Ravioli is a nearly universally loved food, and yet I’ve only met one person who has made it from scratch. Because sadly, the time and knowledge and desire to spend hours making and rolling and cutting your own dough has been essentially lost to today’s fast-paced and convenience-based lifestyle.
Well I have good news!
You can have your ravioli and eat it too. With one easy trick, you can make fresh, ‘homemade’ ravioli in minutes. Honest.
The trick? Wonton wrappers.
The wrappers are basically very thin dough, and they are perfect for stuffing with a delicious autumn spiced filling. Whereas making your own noodles requires hours of work, tedious rolling, or having a fancy pasta machine, these ravioli take only about 10 minutes total once you have your filling ready!
This recipe makes about 25 ravioli, or half the number of won ton wrappers in your package (’cause you need 2 per ravioli).
- 1 package wonton wrappers
- 1 egg, lightly beaten
- 1/2 butternut squash*, roasted
- Optional: pinch of cinnamon, nutmeg, sage, sea salt, brown sugar, maple syrup, parmesan cheese, ground nuts
Sage Brown Butter**:
- 1/2 stick of butter
- Handful of sage leaves
- Optional: sea salt, cracked black pepper
Step 1: Roast a butternut squash by slicing it in half, removing the seeds, and placing it cut-side-down on a baking sheet or pan. Bake at 350 F on the bottom rack of the oven for 45 minutes, flip, and bake another 25 minutes. The flesh should be tender and you can scoop it right out into a bowl.
If you want your filling to have more flavor, you can choose to add any of the following: dried or fresh sage or rosemary leaves, a pinch of cinnamon, nutmeg, or cardamom, salt and or pepper, shredded parmesan cheese, crushed pine nuts or walnuts. I just left my filling as butternut squash because I love the flavor.
Step 2: Mash your squash up with a fork; lay out a single layer of wonton wrappers on a flat surface. Place a scant tablespoon of your filling in the center, and then use your fingers or a pastry brush to spread the egg all around the edges. Place another wrapper on top, and press down to seal.
I recommend doing these just 3-4 at a time, you don’t want your egg sealant to dry up before you press the top layer on.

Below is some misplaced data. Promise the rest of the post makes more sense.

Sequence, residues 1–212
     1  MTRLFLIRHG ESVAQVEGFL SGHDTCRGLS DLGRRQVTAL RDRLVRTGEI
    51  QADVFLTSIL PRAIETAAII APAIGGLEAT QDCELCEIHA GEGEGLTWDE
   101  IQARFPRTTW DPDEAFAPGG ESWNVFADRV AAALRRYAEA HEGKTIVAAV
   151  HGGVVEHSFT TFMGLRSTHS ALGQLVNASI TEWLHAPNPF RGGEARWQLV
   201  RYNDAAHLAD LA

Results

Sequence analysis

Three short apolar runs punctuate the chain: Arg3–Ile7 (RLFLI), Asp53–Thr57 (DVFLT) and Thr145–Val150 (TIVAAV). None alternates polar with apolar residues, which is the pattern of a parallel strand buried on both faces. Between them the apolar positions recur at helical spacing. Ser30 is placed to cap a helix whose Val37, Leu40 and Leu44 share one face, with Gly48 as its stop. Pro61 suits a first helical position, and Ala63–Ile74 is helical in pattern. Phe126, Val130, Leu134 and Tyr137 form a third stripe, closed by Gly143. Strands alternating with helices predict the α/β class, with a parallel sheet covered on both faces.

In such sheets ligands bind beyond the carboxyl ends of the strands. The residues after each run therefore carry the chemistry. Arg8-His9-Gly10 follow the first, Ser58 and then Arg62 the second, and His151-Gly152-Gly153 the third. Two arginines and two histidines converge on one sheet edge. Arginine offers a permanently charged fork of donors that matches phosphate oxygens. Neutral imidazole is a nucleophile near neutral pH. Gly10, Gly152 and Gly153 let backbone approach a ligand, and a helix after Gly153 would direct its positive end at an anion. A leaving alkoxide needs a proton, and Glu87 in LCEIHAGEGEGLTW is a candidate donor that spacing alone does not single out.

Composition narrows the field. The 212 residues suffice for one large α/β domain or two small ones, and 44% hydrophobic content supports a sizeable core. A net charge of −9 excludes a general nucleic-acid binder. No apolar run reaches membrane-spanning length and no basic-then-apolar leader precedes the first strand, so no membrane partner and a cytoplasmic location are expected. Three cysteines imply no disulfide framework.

Step 3: Bring a pot of water to a boil, and drop your ravioli in 2-3 at a time. Boil for 5-7 minutes, until they are floating, and then remove to a strainer or pan.
Step 4: While the ravioli are boiling, you can make the sage brown butter sauce. Melt a half a stick of butter in a pan, and bring it to a gentle simmer.
“Browned” butter and “burnt” butter are only a few seconds apart.
Step 5: Add a handful of fresh sage leaves. They will begin to shrink up and get crispy. They only need to cook in the bubbling butter for about 1-2 minutes, don’t let them get black. Take the pan off the heat, add some sea salt and cracked pepper, and you’re ready to roll!
Put 2-3 ravioli on a plate, and drizzle with the sage butter. It makes for a very impressive presentation, and a delicious, complex flavor with minimal ingredients and time.
This is a perfect, satisfying fall or winter recipe to use up seasonal, affordable squash, get some needed vitamins and fiber into your diet, and impress your dining companions. Once boiled, you can store in the refrigerator for 3-5 days, or freeze in a single layer for up to 3 months.
*Butternut is not the only squash that works in this recipe. You can also use acorn squash, delicata squash, pumpkin, sweet potato, or really any firm-fleshed autumn or winter gourd here.
**Sage brown butter is not the only sauce, either. It complements the flavor of squash well and is seasonal at the same time. However, the ravioli would be equally delicious with an Alfredo or marinara.